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Union Deal Will Send Construction-Industry Welders to U.S. Navy Shipyards

IBB welder
An IBB union welder with the Phoenix, Arizona Local 627, 2023 (IBB)

Published May 1, 2024 11:26 PM by The Maritime Executive

 

The U.S. naval industrial base is operating short-handed, and a shortage of skilled workers is slowing down construction on critical projects like America's next-generation nuclear deterrent, the Columbia-class submarine. The nation's four public shipyards, which handle submarine repairs, are chronically backlogged. A Cleveland-based company, Bartlett Maritime, may have a solution: a rotational hiring system to tap union welders from the construction trades.

Bartlett has reached a deal with the International Brotherhood of Boilermakers (IBB) - a national union for welders and metalworkers - that allows the firm to recruit from among the Boilermakers' construction industry members, anywhere in the country.   

“This agreement that we are signing today makes it possible for members of the construction sector of the Boilermakers union to easily take assignments in the Navy’s shipbuilding industrial base,” said Bartlett Maritime Founder and CEO Edward L. Bartlett, Jr. “It both immediately expands union employment opportunities and adds a vast new labor pool to the Navy shipbuilding industry.”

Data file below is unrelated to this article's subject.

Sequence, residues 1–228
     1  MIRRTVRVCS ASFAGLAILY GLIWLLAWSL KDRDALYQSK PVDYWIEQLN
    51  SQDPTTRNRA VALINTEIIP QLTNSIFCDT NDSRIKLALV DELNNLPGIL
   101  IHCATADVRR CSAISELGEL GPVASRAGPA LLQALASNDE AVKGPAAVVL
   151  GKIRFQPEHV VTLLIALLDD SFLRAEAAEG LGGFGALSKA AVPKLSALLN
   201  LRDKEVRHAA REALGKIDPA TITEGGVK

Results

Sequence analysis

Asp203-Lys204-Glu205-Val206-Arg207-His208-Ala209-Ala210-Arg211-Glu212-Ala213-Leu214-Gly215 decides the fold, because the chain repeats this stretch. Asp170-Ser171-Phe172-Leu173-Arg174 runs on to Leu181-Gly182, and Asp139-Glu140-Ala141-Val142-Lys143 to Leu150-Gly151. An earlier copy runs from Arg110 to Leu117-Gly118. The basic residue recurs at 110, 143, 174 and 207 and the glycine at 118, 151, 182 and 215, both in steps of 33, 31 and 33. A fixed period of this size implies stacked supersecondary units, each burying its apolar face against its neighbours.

The deal covers most of the negotiations needed to hire Boilermakers members from any locality and redeploy them to another. Since the construction industry is seasonal, these union members have downtime every year, and they can use those months to take up a temporary job in a shipyard. Bartlett has a $3 million contract with the Navy's BlueForge Alliance to set up the program and provide the retraining needed to prepare construction welders for the needs of submarine construction and repair. 

"This agreement is an incredible opportunity for those people," said IBB International President Warren Fairley. "This fills in those gaps."

Bartlett Maritime hopes to start with a rotational workforce for other yards, but it also has long-term plans to build a new facility for submarine component repair in northeastern Ohio, where it can tap into the Great Lakes' industrial workforce. By keeping a rotational pool of refurbished submarine parts ready to go, the component repair plant would speed up depot maintenance at the public shipyards dramatically - up to 14 percent, according to Bartlett. 

The firm's ultimate goal  would be to set up a fifth shipyard for submarine repair, built from the ground up to modern specifications. "It is essential to have designed-in available surge capacity, which means the fifth naval shipyard is less an option than a solid requirement," argued Edward L. Bartlett Jr. in a USNI editorial earlier this year. "The urgency of the Navy’s submarine maintenance crisis, particularly in the face of the current challenges with China’s naval expansion, necessitates bold and innovative responses."